The electronic health record (EHR) is an integral tool used by nurses in a variety of clinical settings. Due to regulations imposed by The Joint Commission (2018), many clinical partners prohibit nursing students from charting on assigned patients in the EHR in order to avoid potential errors or substandard documentation. Restricted access to EHRs affects the ability of nursing students to develop documentation skills, thus impeding their transition into clinical practice as novice nurses (Kowitlawakul, Wang, & Chan, 2013).
Simulated EHRs allow undergraduate nursing students to develop proficiency in electronic documentation in a safe and controlled environment (Vana & Silva, 2014). Nurse educators are embracing this technology to support valuable and relevant learning experiences. Simulated EHRs bridge the gap between nursing education and practice, preparing students to function effectively postgraduation.
Innovative educational experiences support meaningful learning and prepare nursing students to function successfully in challenging clinical practice environments (Pepin et al., 2017). Faculty in a baccalaureate nursing program in southern New Jersey developed integrative learning activities using a simulated EHR for 49 junior-level nursing students enrolled in Fundamentals of Nursing, Nursing of the Childbearing Family, and Pharmacotherapeutics. The students were enrolled in these nursing courses concurrently during the fall 2017 semester, providing an opportunity for faculty to implement this educational strategy. The EHR Go platform, a simulated EHR tool by Archetype Innovations, was integrated into the undergraduate curriculum for this activity to support the development of electronic documentation skills. All students and faculty had EHR Go accounts; the cost for the student accounts was included in the students' annual fees. Four simulated EHR patients were customized to connect and reinforce key concepts from the courses, including documentation skills, prioritization of nursing care, physical assessment, and medication management. Shared learner content (SLC) was developed collaboratively by course faculty, allowing students to use the same materials across multiple courses to facilitate transformative learning in undergraduate nursing courses.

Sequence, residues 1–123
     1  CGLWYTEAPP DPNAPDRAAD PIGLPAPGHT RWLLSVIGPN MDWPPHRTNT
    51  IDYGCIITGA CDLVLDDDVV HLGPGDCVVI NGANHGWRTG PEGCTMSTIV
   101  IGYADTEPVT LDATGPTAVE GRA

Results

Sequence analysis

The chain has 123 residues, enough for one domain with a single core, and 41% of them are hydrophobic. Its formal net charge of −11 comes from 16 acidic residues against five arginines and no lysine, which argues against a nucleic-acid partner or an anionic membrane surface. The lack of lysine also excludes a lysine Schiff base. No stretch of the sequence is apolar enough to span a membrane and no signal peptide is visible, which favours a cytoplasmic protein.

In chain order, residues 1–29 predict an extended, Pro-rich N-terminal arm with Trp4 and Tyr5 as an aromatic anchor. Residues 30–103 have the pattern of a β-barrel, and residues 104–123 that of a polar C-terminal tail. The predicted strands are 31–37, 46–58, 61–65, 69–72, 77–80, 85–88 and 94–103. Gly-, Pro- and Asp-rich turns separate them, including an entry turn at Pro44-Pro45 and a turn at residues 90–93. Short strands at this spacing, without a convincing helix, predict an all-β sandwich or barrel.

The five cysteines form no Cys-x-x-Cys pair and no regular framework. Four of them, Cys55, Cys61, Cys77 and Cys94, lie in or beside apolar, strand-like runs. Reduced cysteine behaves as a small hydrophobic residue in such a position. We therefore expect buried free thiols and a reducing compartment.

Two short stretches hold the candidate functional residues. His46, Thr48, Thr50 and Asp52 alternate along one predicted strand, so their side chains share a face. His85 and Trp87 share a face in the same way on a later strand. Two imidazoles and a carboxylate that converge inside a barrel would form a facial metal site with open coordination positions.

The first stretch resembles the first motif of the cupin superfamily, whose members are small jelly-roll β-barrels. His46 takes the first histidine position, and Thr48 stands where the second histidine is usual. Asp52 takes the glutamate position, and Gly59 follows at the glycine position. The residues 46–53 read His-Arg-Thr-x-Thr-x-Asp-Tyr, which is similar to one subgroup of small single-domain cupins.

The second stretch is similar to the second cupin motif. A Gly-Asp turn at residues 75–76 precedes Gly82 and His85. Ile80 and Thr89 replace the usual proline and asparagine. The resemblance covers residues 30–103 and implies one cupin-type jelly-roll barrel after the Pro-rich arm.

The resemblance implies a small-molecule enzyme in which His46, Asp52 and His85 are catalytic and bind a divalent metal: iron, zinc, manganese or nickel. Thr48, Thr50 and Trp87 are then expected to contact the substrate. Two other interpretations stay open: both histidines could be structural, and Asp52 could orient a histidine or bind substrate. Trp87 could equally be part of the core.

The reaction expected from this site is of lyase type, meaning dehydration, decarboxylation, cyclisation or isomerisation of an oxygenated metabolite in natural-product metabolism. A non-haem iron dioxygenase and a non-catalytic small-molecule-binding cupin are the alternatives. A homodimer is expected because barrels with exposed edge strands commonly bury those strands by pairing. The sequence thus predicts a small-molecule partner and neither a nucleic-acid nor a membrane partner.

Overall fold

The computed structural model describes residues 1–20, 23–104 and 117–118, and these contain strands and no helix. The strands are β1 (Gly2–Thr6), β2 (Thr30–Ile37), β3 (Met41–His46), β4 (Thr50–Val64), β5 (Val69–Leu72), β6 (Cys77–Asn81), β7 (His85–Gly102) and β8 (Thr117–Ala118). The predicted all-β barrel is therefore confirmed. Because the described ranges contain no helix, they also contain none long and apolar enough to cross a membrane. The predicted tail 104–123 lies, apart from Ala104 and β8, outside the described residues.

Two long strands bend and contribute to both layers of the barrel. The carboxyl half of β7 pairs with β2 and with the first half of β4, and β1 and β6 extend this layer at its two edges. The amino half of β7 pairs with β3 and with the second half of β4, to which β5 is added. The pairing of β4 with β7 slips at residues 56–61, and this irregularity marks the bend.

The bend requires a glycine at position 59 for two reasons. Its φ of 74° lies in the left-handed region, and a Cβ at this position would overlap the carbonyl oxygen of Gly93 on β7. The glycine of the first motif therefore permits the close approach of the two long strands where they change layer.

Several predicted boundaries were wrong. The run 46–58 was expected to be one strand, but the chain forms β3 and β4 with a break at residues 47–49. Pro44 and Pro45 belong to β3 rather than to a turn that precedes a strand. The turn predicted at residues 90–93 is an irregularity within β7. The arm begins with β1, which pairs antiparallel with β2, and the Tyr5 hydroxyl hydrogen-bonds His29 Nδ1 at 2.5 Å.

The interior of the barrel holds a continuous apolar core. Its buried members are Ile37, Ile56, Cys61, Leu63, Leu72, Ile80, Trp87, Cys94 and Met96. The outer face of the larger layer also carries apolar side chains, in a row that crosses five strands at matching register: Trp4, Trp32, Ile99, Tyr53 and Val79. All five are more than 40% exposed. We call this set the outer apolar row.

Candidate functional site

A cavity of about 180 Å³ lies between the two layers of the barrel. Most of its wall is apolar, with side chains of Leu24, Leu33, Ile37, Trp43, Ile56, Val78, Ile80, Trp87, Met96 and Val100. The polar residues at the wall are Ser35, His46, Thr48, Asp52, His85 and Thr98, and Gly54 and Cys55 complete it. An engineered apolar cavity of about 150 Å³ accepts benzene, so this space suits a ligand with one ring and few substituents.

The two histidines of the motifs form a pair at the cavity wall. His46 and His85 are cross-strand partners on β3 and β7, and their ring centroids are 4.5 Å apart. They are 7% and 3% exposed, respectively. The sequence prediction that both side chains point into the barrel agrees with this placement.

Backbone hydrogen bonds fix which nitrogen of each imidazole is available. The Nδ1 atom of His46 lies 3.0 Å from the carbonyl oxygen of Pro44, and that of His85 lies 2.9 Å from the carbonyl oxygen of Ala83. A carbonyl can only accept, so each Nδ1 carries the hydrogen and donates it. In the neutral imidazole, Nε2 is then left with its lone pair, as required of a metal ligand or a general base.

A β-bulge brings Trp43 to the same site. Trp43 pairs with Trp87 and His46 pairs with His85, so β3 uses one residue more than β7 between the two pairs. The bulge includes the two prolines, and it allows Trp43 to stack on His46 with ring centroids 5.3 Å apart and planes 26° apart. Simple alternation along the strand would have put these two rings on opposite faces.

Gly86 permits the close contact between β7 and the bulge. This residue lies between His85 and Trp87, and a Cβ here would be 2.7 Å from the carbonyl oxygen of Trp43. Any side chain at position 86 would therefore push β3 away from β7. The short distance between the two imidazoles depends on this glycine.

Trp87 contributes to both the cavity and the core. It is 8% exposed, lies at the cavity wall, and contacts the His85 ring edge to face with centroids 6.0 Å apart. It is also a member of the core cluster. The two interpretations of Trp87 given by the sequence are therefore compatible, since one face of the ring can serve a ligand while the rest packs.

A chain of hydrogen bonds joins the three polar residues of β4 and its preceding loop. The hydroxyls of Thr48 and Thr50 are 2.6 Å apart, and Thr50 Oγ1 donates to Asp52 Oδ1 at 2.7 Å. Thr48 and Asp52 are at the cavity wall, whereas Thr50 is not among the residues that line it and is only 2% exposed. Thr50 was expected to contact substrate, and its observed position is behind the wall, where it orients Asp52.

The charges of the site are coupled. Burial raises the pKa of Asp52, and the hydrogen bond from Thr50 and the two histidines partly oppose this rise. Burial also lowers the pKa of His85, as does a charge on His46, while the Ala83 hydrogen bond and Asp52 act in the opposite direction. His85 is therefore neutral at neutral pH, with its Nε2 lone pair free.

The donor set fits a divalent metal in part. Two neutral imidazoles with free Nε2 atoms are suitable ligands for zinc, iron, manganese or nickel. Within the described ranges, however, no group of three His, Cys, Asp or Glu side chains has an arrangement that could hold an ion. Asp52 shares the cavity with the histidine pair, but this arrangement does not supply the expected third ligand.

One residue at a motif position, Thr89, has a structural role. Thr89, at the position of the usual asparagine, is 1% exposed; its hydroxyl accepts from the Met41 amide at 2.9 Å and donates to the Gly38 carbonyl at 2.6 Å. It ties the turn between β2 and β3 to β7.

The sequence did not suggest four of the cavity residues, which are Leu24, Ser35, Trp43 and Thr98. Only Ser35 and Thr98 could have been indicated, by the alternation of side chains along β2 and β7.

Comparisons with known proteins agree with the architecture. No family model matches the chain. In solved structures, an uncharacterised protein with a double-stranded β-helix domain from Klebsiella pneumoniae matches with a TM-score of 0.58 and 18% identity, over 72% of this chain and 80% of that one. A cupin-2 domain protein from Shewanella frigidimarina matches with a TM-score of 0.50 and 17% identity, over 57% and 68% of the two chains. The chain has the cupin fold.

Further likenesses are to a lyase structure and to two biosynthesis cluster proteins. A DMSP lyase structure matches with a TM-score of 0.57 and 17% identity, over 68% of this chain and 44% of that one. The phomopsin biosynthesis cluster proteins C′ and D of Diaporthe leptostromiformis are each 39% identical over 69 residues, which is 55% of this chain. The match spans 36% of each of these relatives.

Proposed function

The first patient, Patient A, was a 72-year-old male post-hip replacement with a history of hypertension and type 2 diabetes. Patient B was a 25-year-old woman with acute appendicitis and a history of type 1 diabetes. Patient C was a 51-year-old male with pneumonia and an exacerbation of congestive heart failure. Patient D was a 33-year-old female patient with a history of lupus who recently delivered a baby via cesarean section. In each of the three courses, learning activities based on these patients were assigned, allowing students to integrate content between the courses while interfacing with the simulated EHR.